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jamlip
08-05-2007, 22:29 PM
I own and currently occupy a flat which I would like to rent-out. The flat is leasehold.

I understand that in most cases the leaseholder of a property has to inform the freeholder if they plan to rent-out the property.

However, part of my lease reads: "THE Lessee HEREBY COVENANTS with the Lessor as follows:- (blah...) Not to transfer assign underlet or part with possession of part of the demised premises".

Does this mean I am completely unable to sublet my property?
If not, can they still refuse me the right to sublet the property?
If they were to do this, do I have any recourse (i.e. via the LVT etc)?

I ask because they are total arseholes. Any help much appreciated...

jeffrey
09-05-2007, 09:20 AM
I own and currently occupy a flat which I would like to rent-out. The flat is leasehold.

I understand that in most cases the leaseholder of a property has to inform the freeholder if they plan to rent-out the property.

However, part of my lease reads: "THE Lessee HEREBY COVENANTS with the Lessor as follows:- (blah...) Not to transfer assign underlet or part with possession of part of the demised premises".

Does this mean I am completely unable to sublet my property?
If not, can they still refuse me the right to sublet the property?
If they were to do this, do I have any recourse (i.e. via the LVT etc)?

I ask because they are total arseholes. Any help much appreciated...

If that's all that the lease says, you'll be OK. No consent required.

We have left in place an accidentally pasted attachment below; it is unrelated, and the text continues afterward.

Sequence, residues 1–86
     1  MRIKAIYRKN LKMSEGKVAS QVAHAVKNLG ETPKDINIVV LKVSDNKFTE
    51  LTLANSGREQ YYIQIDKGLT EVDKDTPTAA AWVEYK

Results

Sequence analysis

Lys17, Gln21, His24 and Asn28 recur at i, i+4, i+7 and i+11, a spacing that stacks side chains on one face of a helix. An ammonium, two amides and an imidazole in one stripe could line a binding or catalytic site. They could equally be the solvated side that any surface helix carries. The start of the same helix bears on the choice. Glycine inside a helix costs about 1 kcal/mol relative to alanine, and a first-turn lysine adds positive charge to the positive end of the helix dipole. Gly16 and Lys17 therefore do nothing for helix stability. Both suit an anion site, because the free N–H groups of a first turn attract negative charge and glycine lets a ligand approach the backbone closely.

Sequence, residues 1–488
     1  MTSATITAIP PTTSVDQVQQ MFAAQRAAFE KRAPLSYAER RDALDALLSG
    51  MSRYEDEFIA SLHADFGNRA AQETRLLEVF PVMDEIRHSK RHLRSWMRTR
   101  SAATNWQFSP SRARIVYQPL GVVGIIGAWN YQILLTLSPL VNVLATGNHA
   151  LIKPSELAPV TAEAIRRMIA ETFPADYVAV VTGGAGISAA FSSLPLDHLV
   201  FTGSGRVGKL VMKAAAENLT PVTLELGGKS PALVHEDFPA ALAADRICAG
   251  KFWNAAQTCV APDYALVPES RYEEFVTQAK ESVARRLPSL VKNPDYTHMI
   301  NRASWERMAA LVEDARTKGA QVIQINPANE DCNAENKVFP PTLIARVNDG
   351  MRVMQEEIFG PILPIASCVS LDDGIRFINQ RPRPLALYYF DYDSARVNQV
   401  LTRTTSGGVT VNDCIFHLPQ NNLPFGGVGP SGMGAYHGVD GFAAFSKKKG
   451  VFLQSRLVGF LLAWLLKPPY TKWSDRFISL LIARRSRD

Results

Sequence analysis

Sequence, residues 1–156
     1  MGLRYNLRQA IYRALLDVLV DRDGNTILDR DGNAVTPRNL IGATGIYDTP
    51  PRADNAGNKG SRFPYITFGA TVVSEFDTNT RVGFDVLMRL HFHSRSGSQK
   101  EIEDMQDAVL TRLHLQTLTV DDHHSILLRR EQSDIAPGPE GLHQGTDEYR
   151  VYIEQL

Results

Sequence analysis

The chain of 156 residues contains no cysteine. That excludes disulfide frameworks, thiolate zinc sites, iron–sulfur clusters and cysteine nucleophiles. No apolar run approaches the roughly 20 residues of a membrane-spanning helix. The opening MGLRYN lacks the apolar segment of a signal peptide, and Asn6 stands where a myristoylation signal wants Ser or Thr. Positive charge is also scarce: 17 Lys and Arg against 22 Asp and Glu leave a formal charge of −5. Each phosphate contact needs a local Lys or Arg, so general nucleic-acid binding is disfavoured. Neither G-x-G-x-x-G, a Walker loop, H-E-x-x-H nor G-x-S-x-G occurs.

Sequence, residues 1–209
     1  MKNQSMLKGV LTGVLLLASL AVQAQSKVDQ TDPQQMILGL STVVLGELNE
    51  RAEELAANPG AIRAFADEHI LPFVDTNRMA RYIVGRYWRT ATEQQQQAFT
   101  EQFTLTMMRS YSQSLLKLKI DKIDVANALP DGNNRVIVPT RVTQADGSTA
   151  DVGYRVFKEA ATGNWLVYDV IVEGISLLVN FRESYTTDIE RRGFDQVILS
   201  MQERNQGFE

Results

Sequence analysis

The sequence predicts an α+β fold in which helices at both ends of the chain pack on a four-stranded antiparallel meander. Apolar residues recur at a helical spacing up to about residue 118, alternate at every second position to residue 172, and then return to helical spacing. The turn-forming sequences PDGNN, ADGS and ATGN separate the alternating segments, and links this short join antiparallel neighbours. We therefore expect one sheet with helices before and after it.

It prohibits lettings of part of the premises.;
If you let the whole, ie one letting of entire flat, you haven't let "part".
Lease ought to have said "...or part with possession of the whole or any part of the demised premises".

jamlip
09-05-2007, 19:43 PM
Thanks for that Jeffrey. I find it difficult to interpret the lease as these documents never carry commas - an essential element to understanding emphasis and relationships within a sentence!

The building consists of two flats, one upstairs and one downstairs (me). I have a copy of the lease for the flat above and oddly enough it is different to mine only in the points regarding letting - their one contains the usual statement about written consent and consent not being unreasonably withheld. Mine contains only the point already mentioned, which I took to mean (commas added for explanation) "Not to transfer, assign, underlet, or, part with posession of part of, the demised premises". If that makes sense!

I'm really pleased that is not the case...

jeffrey
10-05-2007, 10:14 AM
Thanks for that Jeffrey. I find it difficult to interpret the lease as these documents never carry commas - an essential element to understanding emphasis and relationships within a sentence!

The building consists of two flats, one upstairs and one downstairs (me). I have a copy of the lease for the flat above and oddly enough it is different to mine only in the points regarding letting - their one contains the usual statement about written consent and consent not being unreasonably withheld. Mine contains only the point already mentioned, which I took to mean (commas added for explanation) "Not to transfer, assign, underlet, or, part with posession of part of, the demised premises". If that makes sense!

I'm really pleased that is not the case...

No- I'd read it as, "Not to:

i. transfer;
ii. assign;
iii. underlet; or
iv. part with possession of

part of the demised premises."

Esio Trot
10-05-2007, 10:29 AM
No- I'd read it as, "Not to:

i. transfer;
ii. assign;
iii. underlet; or
iv. part with possession of

part of the demised premises."

Sounds reasonable.

However, I understand lawyers don't like using commas as these can reduce clarity.

My cynical and jaundiced view is that the lack of commas does reduce clarity, and the resulting legal arguments years afterwards create a significant income stream for the profession.

jeffrey
10-05-2007, 10:52 AM
Opaque drafting by L's solicitors, I agree. T's solicitors should have asked for clearer wording when lease was in draft.
Not all solicitors are guilty of this. Clarity can still be achieved without punctuation; it's the wording, not the punctuation, that counts. See example at end of post #2.

jamlip
10-05-2007, 17:26 PM
Thanks again - much appreciated!